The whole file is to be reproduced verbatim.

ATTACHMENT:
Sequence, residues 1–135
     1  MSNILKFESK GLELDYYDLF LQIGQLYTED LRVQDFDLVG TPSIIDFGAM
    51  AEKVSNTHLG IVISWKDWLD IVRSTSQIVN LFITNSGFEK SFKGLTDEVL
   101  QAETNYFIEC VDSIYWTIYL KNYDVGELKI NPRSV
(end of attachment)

Sequence, residues 1–135
     1  MSNILKFESK GLELDYYDLF LQIGQLYTED LRVQDFDLVG TPSIIDFGAM
    51  AEKVSNTHLG IVISWKDWLD IVRSTSQIVN LFITNSGFEK SFKGLTDEVL
   101  QAETNYFIEC VDSIYWTIYL KNYDVGELKI NPRSV